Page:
“It’s certainly possible that Trump may emerge from this better than many anticipated. However! Consensus has been that Mueller would follow DOJ rules and not indict a sitting president. I.e. it’s also possible his report could be very bad for Trump, despite ‘no more indictments,'” concluded Mark Follman, national affairs editor at Mother Jones, who presumably, and very sadly, was not being facetious.

Revered news organs were quick to artfully modify their expectations regarding Mueller’s findings.

“What is collusion and why is Robert Mueller unlikely to mention it in his report on Trump and Russia?” a Newsweek headline asked following Friday’s tragic announcement.

Three months earlier, Newsweek had meticulously documented all the terrible “collusion” committed by Donald Trump and his inner circle.

But perhaps the most sobering reactions to the no-indictment news came from those who seemed completely unfazed by the fact that Mueller’s investigation, aimed at uncovering a criminal conspiracy between Trump and the Kremlin, ended without digging up a single case of “collusion.”

The denials, evasions and bizarre hot takes are made even more poignant by the fact that just days ago, there was still serious talk about Trump’s entire family being hauled off to prison.

“You can’t blame MSNBC viewers for being confused. They largely kept dissenters from their Trump/Russia spy tale off the air for 2 years. As recently as 2 weeks ago, they had @JohnBrennan strongly suggesting Mueller would indict Trump family members on collusion as his last act,” journalist Glenn Greenwald tweeted.

While the Mueller report has yet to be released to the public, the lack of indictments makes it clear that whatever was found, nothing came close to the vast criminal conspiracy alleged by virtually the entire American media establishment.

“You have been lied to for 2 years by the MSM. No Russian collusion by Trump or anyone else. Who lied? Head of the CIA, NSA,FBI,DOJ, every pundit every anchor. All lies,” wrote conservative activist Chuck Woolery.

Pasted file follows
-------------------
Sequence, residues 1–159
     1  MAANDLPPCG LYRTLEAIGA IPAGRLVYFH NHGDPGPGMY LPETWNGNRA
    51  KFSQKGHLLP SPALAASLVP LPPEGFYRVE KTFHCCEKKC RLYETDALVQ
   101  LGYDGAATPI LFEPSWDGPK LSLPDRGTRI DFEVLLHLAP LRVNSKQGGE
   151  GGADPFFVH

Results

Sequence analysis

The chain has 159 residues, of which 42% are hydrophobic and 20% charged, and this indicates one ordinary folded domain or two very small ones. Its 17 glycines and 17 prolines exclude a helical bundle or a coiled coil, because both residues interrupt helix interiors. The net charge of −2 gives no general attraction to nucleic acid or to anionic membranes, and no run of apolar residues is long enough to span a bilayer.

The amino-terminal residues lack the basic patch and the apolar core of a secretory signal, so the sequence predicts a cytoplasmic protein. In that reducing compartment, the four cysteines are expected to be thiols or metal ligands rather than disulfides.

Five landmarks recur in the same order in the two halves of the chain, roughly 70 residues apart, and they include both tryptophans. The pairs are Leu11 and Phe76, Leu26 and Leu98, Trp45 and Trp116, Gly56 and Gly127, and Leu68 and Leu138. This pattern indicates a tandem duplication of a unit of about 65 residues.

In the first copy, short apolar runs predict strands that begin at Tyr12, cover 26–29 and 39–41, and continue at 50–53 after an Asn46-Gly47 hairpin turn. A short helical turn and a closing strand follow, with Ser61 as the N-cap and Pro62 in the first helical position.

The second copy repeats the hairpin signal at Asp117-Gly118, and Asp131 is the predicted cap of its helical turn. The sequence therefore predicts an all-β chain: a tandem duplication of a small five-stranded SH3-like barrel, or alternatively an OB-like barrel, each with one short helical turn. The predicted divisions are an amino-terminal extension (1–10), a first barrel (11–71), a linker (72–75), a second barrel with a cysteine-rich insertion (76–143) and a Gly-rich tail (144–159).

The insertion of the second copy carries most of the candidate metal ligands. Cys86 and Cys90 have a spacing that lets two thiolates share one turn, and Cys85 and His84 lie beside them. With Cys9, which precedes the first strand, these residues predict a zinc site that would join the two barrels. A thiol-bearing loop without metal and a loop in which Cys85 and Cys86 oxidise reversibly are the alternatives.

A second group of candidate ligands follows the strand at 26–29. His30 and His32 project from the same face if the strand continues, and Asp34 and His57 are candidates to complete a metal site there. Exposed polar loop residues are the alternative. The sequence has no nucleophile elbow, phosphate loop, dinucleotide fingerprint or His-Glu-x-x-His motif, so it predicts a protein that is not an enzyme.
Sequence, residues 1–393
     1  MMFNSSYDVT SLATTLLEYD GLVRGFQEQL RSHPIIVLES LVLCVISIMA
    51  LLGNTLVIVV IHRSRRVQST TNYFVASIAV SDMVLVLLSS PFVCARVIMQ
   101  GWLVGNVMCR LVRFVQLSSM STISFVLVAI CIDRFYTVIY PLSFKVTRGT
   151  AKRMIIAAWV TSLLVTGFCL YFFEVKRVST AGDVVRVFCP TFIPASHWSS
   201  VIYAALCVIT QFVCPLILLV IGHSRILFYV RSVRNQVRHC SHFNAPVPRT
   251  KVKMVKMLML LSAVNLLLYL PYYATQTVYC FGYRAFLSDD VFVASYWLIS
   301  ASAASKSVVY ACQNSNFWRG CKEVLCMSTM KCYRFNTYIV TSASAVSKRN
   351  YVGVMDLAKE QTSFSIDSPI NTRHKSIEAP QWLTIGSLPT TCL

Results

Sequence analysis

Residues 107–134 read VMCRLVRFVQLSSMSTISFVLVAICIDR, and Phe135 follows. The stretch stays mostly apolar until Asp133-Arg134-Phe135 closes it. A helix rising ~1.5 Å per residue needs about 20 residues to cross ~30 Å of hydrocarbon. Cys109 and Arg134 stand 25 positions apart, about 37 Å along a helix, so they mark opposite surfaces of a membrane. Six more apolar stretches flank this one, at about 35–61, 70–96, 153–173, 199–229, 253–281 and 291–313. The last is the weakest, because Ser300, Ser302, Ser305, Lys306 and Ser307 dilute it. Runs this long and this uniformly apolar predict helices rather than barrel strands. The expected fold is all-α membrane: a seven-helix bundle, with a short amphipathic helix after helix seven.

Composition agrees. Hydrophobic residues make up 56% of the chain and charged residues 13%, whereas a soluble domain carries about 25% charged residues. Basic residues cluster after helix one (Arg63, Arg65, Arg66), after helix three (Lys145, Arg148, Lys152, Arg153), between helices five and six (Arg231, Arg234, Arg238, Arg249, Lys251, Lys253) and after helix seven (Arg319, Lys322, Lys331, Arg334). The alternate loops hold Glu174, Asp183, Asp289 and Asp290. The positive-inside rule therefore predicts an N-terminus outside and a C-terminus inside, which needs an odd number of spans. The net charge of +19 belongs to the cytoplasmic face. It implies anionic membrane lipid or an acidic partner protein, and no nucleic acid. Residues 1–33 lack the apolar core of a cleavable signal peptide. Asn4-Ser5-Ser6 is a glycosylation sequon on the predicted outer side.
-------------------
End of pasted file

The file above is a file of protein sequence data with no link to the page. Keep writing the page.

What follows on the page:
Internet mogul Kim Dotcom was more blunt, but said it all: “Mueller – The name that ended all mainstream media credibility.”

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Canadian Lawmaker Accuses Trudeau Of Being A “Fake Feminist” (Video)

Rempel segued to Trudeau’s push to quash an investigation into allegations that he once groped a young journalist early in his political career

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Via Zerohedge

Canada’s feminist-in-chief Justin Trudeau wants to support and empower women…but his support stops at the point where said women start creating problems for his political agenda.

That was the criticism levied against the prime minister on Friday by a conservative lawmaker, who took the PM to task for “muzzling strong, principled women” during a debate in the House of Commons.

“He asked for strong women, and this is what they look like!” said conservative MP Michelle Rempel, referring to the former justice minister and attorney general Jody Wilson-Raybould, who has accused Trudeau and his cronies of pushing her out of the cabinet after she refused to grant a deferred prosecution agreement to a Quebec-based engineering firm.

She then accused Trudeau of being a “fake feminist”.

“That’s not what a feminist looks like…Every day that he refuses to allow the attorney general to testify and tell her story is another day he’s a fake feminist!”

Trudeau was so taken aback by Rempel’s tirade, that he apparently forgot which language he should respond in.

But Rempel wasn’t finished. She then segued to Trudeau’s push to quash an investigation into allegations that he once groped a young journalist early in his political career. This from a man who once objected to the continued use of the word “mankind” (suggesting we use “peoplekind” instead).

The conservative opposition then tried to summon Wilson-Raybould to appear before the Commons for another hearing (during her last appearance, she shared her account of how the PM and employees in the PM’s office and privy council barraged her with demands that she quash the government’s pursuit of SNC-Lavalin over charges that the firm bribed Libyan government officials). Wilson-Raybould left the Trudeau cabinet after she was abruptly moved to a different ministerial post – a move that was widely seen as a demotion.

Trudeau has acknowledged that he put in a good word on the firm’s behalf with Wilson-Raybould, but insists that he always maintained the final decision on the case was hers and hers alone.

Fortunately for Canadians who agree with Rempel, it’s very possible that Trudeau – who has so far resisted calls to resign – won’t be in power much longer, as the scandal has cost Trudeau’s liberals the lead in the polls for the October election.

 

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Why Joe May be Courting Stacey